When we’re learning a foreign language, we’re bound to make mistakes.  I always encourage my learners to take risks and praise them when they get out of their comfort zone. As far as I’m concerned, mistakes are learning opportunities. But not all of them.

Errors, mistakes, slips. Is there a difference? Some writers use these terms interchangeably, others say they’re different. Personally, I like these two definitions:

Errors are new mistakes . Students dont’ know the form so they are experimenting. (TeachingEnglish | British Council | BBC, 2008)

Mistakes are inaccuracies caused by anxiety, tiredness or other reasons. Students know the correct form but don’t produce it. If prompted, they’re able to correct their mistake. (Swift, 2010)

So, although I believe that mistakes are necessary,  repeating old mistakes deserves more attention, as it might lead to fossilization, or stabilization.

a process which sometimes occurs in which linguistic features become a permanent part of the way a person speaks or writes a language.

(Richards and Schmidt, 2002)

Here are some ways to draw your learners’ attention to common mistakes and hopefully eradicate them.

First of all..

record common mistakes. Keep one  list per class. Then, use said list occasionally to remind learners the correct form or pronunciation at the beginning or end of class. How can you use this list? 

1. Kahoot them 

Create a kahoot quiz for your students, using common mistakes they make. They all love kahoot, so it’s a fun and quick way to get their attention and make them reflect on their mistakes. Use it as a back-up activity every now and then.

Here is a great idea for reviewing word stress by ELT planning: Kahoot for word stress!

2. Whiteboard race

Write those mistakes on a piece of paper and put it on the whiteboard. Run a race; students work in groups, one person from each group at a time can correct one sentence, then pass the marker to their teammate to correct the next sentence. Use it as a warmer or cooler.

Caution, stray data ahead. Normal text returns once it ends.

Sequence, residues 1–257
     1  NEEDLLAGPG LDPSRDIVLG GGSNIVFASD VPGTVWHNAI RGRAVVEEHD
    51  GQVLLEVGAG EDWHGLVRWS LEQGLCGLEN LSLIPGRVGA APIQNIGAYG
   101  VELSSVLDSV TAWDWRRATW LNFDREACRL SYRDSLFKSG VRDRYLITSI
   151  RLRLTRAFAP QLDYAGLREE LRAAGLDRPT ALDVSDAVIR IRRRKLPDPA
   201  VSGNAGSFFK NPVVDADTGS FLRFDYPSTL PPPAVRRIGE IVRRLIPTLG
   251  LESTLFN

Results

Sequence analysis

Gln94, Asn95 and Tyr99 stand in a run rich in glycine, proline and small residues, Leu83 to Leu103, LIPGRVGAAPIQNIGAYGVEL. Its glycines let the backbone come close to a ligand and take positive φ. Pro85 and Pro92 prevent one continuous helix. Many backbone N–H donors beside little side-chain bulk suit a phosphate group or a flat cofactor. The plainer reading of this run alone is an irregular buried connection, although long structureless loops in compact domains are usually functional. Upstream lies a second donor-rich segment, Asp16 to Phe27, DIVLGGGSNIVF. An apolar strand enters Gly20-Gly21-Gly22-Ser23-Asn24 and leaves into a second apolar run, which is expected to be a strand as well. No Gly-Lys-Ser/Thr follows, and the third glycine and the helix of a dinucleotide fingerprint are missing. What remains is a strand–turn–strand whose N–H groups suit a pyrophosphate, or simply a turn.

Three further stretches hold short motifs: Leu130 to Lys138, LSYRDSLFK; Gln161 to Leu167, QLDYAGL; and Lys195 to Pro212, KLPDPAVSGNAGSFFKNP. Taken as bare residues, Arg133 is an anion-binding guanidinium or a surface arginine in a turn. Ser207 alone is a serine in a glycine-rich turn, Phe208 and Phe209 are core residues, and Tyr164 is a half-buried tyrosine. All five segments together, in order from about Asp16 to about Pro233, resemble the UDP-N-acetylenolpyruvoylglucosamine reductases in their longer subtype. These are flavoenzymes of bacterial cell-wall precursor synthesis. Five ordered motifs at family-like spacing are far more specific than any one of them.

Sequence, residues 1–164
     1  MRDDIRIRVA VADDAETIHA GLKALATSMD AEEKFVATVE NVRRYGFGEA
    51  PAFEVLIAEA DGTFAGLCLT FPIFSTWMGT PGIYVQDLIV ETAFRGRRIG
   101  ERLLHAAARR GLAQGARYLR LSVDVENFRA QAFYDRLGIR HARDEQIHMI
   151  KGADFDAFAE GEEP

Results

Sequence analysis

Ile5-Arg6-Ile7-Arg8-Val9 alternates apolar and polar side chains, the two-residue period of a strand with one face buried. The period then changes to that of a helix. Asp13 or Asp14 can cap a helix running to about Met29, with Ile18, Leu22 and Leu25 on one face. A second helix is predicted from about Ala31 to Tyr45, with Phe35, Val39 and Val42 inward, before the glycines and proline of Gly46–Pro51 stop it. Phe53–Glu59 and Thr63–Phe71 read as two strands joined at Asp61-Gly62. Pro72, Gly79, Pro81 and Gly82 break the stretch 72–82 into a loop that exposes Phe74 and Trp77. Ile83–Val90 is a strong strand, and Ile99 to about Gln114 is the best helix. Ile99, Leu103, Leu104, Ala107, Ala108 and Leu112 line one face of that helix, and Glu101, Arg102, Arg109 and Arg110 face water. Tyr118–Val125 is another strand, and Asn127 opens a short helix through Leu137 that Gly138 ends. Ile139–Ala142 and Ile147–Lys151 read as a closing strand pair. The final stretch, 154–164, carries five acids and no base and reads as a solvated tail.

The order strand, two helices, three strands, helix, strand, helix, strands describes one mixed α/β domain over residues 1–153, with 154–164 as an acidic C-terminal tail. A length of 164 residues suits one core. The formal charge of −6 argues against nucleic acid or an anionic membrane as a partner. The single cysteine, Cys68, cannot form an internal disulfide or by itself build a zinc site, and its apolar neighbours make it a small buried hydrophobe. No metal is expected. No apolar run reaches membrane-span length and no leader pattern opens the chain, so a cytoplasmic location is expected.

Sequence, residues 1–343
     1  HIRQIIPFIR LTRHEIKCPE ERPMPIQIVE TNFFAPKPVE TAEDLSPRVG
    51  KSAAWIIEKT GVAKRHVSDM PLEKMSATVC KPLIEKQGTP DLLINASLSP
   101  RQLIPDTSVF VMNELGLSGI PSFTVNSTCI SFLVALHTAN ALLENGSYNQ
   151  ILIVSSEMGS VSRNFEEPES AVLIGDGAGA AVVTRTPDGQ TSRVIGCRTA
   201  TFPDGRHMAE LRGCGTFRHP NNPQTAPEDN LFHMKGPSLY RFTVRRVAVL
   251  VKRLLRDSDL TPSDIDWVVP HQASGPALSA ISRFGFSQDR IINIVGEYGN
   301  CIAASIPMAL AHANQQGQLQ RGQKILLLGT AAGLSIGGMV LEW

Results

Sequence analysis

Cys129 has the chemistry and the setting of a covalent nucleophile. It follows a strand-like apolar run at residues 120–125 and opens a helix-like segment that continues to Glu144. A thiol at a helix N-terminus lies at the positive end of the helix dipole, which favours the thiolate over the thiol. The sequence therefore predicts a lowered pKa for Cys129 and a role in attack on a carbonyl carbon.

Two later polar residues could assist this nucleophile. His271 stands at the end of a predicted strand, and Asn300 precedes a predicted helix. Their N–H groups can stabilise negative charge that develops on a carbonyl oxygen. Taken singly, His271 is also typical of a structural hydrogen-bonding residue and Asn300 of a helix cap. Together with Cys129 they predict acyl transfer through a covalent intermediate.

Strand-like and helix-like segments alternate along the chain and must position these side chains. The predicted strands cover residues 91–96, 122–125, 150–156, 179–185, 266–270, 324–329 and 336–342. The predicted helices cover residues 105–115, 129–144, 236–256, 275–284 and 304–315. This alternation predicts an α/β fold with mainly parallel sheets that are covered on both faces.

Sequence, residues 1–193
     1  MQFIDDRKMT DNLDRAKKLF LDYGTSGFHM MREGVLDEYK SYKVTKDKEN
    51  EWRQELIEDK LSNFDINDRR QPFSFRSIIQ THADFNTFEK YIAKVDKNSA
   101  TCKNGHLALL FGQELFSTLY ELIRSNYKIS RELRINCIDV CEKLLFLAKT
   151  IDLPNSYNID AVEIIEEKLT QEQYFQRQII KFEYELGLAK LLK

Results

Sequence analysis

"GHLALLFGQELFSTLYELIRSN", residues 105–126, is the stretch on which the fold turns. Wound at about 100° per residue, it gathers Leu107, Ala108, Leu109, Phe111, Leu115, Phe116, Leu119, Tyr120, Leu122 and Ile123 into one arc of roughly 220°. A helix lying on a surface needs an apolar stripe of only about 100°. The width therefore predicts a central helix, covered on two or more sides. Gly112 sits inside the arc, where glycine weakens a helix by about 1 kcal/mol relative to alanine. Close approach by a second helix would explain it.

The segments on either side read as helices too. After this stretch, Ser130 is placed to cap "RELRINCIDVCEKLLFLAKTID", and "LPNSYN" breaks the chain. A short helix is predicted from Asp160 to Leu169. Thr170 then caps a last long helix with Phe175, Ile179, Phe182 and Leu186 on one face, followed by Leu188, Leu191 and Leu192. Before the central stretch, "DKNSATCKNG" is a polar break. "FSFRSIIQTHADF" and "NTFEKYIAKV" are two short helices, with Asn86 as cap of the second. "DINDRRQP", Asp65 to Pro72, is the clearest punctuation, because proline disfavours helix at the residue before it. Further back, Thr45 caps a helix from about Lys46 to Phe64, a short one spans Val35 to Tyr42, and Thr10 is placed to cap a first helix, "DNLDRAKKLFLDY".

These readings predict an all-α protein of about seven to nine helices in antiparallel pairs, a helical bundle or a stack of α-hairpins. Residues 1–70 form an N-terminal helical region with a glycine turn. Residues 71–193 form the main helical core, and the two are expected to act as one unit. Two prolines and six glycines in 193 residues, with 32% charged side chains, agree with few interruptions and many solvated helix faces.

Online version: students do the activity in breakout rooms, using google docs, jamboard or any other collaborative whiteboard.

3. Reverse translation (YouTube, 2016)

Warmer: tell them you’re  going to dictate some  sentences and they have to translate them directly into L1. Don’t show them the sentences.  Include language they would normally misuse. When they finish translating them, tell them to put this sheet aside and go on with the lesson.

Cooler: Then, at the end of class, tell learners to go back to that sheet and translate the sentences back to English. Reveal displayed sentences on the whiteboard. Learners notice their mistakes and as Thornbury (2014) says, they are triggered to fill this gap.

Reverse translation suits monolingual groups  as learners can compare and reflect on their sentences together. It  also suits multilingual groups, as learners “become teachers” at the end of the activity when they see their own mistakes; the teacher does not need to speak the L1. See example below:

English He must be crazy
Translate to Spanish El debe estar loco
Translate back to English He must to be crazy
Notice error He must to be crazy
4. Write the  phonemic script and elicit the word

I’m a big fan of the phonemic script; I think it can be an incredibly useful tool. That’s why I always train my learners to use it and it has helped improve their pronunciation.

For instance, most Spanish learners say /ˈmɪnʊts/ instead of /ˈmɪnɪts/ . So, after adressing it, I also note it down as a common pron mistake. Then, in next classes, I project a list like  the one below and ask them to find the words. With teens, I make it more competitive: e.g., set a time limit or give them points for right answers.  They actually find that very exciting, as it’s sort of like decoding a message!

Here’s an example:

ipa

How do you deal with your students’ frequent mistakes? Feel free to share your ideas in the comments!

References:

YouTube. (2016). Philip Kerr: The Return of Translation. [online] Available at: https://www.youtube.com/watch?v=kk-DUsgaZ4o [Accessed 3 Mar. 2020].

Richards, J. and Schmidt, R. (2002). Longman dictionary of language teaching and applied linguistics.

Swift, S. (2010). An ELT Glossary : Mistakes. [online] Eltnotebook.blogspot.com. Available at: http://eltnotebook.blogspot.com/2010/11/an-elt-glossary-mistakes.html [Accessed 29 Feb. 2020].
TeachingEnglish | British Council | BBC. (2008). Error Correction. [online] Available at: https://www.teachingenglish.org.uk/article/error-correction [Accessed 27 Feb. 2020].